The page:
Square has filed an amended Form S-1 with the U.S. Securities and Exchange Commission (SEC) regarding its initial public offering (IPO). The company expects to price 27 million shares in the range of $11 to $13, with an overallotment option for an additional 4.05 million shares. At the maximum price, the entire offering is valued up to $403.65 million. The company intends to list its Class A common stock on the New York Stock Exchange under the symbol SQ.
The underwriters for the offering were Goldman Sachs, Morgan Stanley, JPMorgan, Barclays, Deutsche Bank Securities, Jefferies, RBC Capital Markets, Stifel and Loyal3 Securities.
The company has two classes of authorized common stock. The rights of the holders of Class A common stock and Class B common stock are identical, except with respect to voting and conversion rights. Each share of Class A common stock is entitled to one vote. Each share of Class B common stock is entitled to 10 votes and is convertible at any time into one share of Class A common stock.
It is worth noting that the CEO and founder of Square, Jack Dorsey, is also the current CEO and co-founder of Twitter Inc. (NYSE: TWTR). Dorsey is a big name in the tech sector and this move to be a CEO of both companies was a huge decision that was met with a fair amount of controversy.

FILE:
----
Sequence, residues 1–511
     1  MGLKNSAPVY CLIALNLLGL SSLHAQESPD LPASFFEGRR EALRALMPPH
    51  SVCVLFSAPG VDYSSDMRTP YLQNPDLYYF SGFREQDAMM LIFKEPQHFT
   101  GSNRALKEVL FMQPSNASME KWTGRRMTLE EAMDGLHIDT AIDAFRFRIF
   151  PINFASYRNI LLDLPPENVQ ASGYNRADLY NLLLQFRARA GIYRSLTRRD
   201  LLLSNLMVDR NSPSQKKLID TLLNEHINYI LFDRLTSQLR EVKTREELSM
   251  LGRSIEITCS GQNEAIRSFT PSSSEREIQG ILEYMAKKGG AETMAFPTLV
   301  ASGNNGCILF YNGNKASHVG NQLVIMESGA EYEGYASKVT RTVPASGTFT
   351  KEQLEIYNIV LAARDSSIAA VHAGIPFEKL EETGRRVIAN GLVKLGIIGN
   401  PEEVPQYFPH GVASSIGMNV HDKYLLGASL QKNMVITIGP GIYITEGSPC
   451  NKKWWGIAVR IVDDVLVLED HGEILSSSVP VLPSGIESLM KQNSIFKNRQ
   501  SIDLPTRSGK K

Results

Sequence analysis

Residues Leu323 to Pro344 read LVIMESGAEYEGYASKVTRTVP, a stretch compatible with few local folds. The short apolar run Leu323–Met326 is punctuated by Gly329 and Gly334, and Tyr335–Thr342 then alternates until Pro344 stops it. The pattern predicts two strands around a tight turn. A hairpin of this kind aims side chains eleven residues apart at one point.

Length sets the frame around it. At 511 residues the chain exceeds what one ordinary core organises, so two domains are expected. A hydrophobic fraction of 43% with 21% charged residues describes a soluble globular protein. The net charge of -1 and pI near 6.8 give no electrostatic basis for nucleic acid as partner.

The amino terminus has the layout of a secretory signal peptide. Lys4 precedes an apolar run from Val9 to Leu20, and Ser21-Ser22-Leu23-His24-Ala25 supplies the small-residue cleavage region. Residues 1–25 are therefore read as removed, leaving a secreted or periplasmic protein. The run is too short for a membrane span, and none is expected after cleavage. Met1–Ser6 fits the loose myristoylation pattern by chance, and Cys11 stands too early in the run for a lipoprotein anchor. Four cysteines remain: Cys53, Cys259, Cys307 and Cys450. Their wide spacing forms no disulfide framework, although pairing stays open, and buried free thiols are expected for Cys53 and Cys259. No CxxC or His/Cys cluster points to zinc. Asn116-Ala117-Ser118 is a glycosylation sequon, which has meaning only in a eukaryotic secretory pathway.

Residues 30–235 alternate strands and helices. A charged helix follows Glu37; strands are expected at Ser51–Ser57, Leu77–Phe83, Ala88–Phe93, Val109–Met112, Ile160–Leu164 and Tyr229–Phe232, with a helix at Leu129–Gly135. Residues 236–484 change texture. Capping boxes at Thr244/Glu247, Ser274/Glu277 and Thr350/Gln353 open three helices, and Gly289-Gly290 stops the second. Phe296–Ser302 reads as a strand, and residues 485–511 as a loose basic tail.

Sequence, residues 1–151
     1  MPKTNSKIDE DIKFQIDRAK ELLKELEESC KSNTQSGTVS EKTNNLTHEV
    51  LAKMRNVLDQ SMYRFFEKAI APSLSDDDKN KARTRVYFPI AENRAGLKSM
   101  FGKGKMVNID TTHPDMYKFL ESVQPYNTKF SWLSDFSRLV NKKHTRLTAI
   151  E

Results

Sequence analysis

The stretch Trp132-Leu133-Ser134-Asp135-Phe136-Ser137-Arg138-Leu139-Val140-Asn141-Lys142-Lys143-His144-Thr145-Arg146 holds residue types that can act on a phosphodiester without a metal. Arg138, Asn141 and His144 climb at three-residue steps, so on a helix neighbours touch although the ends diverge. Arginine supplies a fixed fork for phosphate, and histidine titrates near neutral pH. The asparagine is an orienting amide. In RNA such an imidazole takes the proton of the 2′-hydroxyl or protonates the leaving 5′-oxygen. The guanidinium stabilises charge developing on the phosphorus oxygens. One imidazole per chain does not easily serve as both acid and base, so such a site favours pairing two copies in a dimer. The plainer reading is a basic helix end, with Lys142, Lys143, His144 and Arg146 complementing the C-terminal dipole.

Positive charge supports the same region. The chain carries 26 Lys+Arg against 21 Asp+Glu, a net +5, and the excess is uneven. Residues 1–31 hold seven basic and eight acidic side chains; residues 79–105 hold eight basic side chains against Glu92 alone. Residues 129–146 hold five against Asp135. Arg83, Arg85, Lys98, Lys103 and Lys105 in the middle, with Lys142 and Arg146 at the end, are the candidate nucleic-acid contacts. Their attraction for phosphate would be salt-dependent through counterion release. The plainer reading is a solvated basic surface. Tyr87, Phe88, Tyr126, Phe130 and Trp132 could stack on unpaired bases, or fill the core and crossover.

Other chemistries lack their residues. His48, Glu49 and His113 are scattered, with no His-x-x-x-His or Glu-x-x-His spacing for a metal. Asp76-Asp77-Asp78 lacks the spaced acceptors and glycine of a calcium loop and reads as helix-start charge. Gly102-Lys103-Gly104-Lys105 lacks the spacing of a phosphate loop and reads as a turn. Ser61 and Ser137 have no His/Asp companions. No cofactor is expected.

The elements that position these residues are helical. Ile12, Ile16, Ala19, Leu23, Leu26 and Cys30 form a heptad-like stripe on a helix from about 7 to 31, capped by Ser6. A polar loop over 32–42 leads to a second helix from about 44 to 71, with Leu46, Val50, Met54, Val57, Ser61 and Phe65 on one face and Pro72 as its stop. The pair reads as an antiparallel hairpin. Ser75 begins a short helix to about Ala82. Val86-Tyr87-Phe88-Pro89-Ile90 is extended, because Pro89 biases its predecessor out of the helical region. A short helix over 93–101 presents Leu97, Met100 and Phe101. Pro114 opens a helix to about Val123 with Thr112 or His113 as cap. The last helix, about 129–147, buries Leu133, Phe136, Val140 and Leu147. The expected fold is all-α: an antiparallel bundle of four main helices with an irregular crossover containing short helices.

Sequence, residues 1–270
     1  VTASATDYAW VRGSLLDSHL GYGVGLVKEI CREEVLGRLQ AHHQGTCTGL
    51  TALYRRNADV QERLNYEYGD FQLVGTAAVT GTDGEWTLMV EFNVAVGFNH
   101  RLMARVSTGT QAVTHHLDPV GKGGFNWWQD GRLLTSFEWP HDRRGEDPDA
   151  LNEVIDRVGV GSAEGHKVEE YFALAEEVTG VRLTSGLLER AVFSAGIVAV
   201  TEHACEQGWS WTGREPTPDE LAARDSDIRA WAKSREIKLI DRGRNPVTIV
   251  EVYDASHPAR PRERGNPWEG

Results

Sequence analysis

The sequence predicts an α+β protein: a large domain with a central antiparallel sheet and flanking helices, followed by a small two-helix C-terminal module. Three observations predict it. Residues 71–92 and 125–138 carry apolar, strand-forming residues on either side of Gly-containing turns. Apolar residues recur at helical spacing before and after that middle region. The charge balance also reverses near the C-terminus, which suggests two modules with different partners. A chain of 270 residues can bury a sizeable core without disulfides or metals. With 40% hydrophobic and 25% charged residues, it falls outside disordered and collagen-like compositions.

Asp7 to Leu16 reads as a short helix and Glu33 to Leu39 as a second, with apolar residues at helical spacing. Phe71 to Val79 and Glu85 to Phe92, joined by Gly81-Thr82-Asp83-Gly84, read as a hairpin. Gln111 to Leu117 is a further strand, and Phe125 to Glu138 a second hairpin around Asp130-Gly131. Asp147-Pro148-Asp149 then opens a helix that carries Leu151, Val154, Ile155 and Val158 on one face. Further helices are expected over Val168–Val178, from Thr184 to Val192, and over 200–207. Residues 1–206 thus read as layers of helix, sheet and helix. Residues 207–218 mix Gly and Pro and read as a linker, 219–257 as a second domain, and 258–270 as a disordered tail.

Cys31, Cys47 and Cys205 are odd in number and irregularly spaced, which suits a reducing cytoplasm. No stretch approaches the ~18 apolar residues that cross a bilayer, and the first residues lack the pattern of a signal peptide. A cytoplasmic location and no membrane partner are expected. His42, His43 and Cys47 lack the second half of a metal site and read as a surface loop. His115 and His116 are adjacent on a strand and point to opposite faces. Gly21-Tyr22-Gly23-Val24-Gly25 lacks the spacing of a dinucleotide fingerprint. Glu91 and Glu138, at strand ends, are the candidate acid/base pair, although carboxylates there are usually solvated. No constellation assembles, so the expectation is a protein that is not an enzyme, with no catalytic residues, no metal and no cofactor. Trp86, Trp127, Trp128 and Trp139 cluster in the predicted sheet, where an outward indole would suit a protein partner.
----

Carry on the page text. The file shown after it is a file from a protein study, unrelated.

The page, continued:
Square was started in February 2009 to enable anyone with a mobile device to accept card payments, anywhere, anytime. While it found early success providing easy access to card payments, Square believes that commerce extends beyond payments. In every transaction, the company sees opportunity for its sellers to learn more about which products are selling best, to reinvest in their businesses or to create and engage loyal buyers. Although it currently generates roughly 95% of its revenue from payments and point-of-sale services, Square has extended its product and service offerings to include financial services and marketing services, all to help sellers start, run and grow their businesses.
In 2014, sellers using Square processed $23.8 billion of gross payment volume (GPV), which was generated by 446 million card payments from approximately 144 million payment cards. GPV measures the total dollar amount of card payment transactions Square processes for its sellers (net of refunds), excluding card payments processed for Starbucks and Square Cash peer-to-peer service. Since the company generates transaction revenue as a percentage of payment volume, the company believes GPV is a key indicator of its ability to generate revenue. In the 12 months ended June 2015, over 2 million sellers accepted five or more payments using Square, accounting for approximately 97% of GPV.
The company intends to use the net proceeds from this offering primarily for working capital and general corporate purposes. Square also may use a portion of the net proceeds from this offering for acquisitions of complementary businesses, technologies or other assets.